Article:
[tor-dev] Questions about "Tor Messenger CONIKS integration"

Marcela S. Melara melara at CS.Princeton.EDU
Wed Apr 20 18:53:27 UTC 2016


I think Ismail was trying to answer your first question when he described the private indices in the CONIKS key directories. What these private indices do, in other words, is obfuscate the usernames in the directory, so an attacker who breaks into the server cannot see the usernames registered at the compromised key server.

As for your second question, we haven't fully fleshed out the mechanism you found. But if you want to use Tor Messenger for your Twitter account, you will have to register your legitimate Twitter name with the key server. Our idea is that you will receive some kind of email with a confirmation link to prove that you own the Twitter account. This, by no means, means that Tor Messenger now has access to your full account. But Tor Messenger does need to confirm that you own the Twitter name you're registering to prevent an attacker from trying to impersonate you.

It's also important to note that CONIKS uses additional crypto mechanisms to ensure that all data (including the public keys) associated with names registered with CONIKS key servers isn't stored in plain.

I hope this helps!

> On Apr 20, 2016, at 14:28, Go <simplesmtptest123 at gmail.com> wrote:
> Hi,
> Thanks for you quick reply. I still have few questions:
> 1. If one CONIKS server has been compromised, and I happen to register to this server; I guess the server can see my username in this case,  right? 
> 2. I found the ticket https://trac.torproject.org/projects/tor/ticket/17961. The answer for the second question says "We can ask for a proof of ownership of the name...". So when do CONIKS need to do proof of account ownership? Could please anyone give me some concrete scenarios? My concern is that in order to do proof of ownership, we have to hand out the real accounts to CONIKS. 
> Sorry for being paranoid. 
> Thanks!
>> On Tue, Apr 19, 2016 at 4:57 PM, Ismail Khoffi <ismail.khoffi at gmail.com> wrote:
>> Hi there,
>> I don't know about much about the concrete plans for the Tor Messenger and CONIKS but I'm quite familiar with the original CONIKS design. First of all: I’m sure no one would force you to give your "real" identity, you could for instance use large  identity provider which is rather difficult to compromise, at least for non-state actors (for example gmail and the pseudonym simplesmtptest123 ;-). Maybe, for the Tor messenger integration there will be/people might choose some other identity providers (with a stronger focus on privacy and more freedom to choose pseudonyms instead of real names).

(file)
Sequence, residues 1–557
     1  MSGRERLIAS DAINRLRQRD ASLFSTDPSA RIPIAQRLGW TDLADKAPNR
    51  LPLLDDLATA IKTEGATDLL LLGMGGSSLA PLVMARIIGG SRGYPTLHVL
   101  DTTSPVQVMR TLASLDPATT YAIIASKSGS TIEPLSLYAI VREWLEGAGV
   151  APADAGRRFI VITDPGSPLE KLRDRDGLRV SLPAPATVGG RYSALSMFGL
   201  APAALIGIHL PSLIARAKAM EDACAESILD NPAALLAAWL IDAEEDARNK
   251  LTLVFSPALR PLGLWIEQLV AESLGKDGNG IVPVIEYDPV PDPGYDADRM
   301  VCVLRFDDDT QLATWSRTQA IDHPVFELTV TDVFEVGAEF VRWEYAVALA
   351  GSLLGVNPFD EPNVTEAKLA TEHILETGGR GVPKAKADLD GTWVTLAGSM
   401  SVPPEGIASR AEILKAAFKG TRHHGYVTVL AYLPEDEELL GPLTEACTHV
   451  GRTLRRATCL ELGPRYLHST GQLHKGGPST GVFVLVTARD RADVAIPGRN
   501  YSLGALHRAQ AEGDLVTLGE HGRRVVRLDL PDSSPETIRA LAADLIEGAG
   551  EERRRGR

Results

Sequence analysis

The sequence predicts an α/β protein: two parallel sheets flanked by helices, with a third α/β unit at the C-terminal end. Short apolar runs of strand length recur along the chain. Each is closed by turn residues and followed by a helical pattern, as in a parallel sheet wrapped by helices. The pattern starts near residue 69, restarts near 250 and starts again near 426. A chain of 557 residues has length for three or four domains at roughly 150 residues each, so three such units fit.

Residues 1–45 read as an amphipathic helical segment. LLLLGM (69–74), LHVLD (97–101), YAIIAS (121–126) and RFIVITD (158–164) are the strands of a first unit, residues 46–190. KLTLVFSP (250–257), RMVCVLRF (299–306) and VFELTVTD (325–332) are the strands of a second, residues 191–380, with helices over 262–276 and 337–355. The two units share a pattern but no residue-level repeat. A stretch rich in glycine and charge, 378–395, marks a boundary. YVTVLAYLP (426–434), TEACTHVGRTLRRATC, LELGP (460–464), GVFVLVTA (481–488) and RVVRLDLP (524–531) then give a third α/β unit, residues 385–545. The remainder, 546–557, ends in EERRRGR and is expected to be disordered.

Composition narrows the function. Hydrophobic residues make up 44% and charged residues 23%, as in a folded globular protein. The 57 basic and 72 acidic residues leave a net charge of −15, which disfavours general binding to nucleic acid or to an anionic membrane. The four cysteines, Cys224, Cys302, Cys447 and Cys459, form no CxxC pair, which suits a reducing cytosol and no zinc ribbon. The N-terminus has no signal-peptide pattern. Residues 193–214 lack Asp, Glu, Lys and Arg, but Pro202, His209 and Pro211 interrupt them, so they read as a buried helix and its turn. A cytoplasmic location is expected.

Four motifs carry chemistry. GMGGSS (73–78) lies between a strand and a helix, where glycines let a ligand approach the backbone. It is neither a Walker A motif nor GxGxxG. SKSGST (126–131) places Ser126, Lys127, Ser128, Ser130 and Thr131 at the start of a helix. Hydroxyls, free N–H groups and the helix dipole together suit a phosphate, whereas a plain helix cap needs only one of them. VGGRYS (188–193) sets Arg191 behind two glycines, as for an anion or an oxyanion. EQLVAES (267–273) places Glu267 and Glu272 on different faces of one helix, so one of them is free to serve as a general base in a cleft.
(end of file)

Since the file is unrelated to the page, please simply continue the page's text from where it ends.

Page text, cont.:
>> If an identity provider (one of the several "CONIKS servers") is compromised, the attacker is able to read the provider's local directory (containing public key of already registered providers), he would basically see a more or less ‘randomly' looking Merkle tree. Theoretically, the attacker would still need to know all the user real-names beforehand to (for instance) query for their public keys. (This is achieved using the following "crypto-tricks": identities are stored at a private “index" in the tree; computed using a verifiable unpredictable function from a cryptographic commitment/hash of the username instead from the username itself). Of course one would also need to make sure that the stored public-key material (in the leaf-nodes) is pruned from user identifying data (like an identity in GPG); otherwise the attacker could guess the identities from that information. 
>> Also, in general, the attacker won’t be able to see that you used Tor Messenger from the mere fact that you use a certain identity provider, even if he still could recompute your user-name from the directory.
>> Hope that helps?
>> Ismail
>>> On 19 Apr 2016, at 21:28, Go <simplesmtptest123 at gmail.com> wrote:
>>> Hi, 
>>> CONIKS seems to be a very useful system. Just curious: do Tor messenger users need to hand out their real identities (facebook account, twitter account, etc.) to CONIKS servers? If so it seems dangerous to put all the identities in a centralized service.  If the CONIKS servers have been compromised, will the attacker be able to figure out the social networking profiles of Tor messenger users? 
>>> Thanks!
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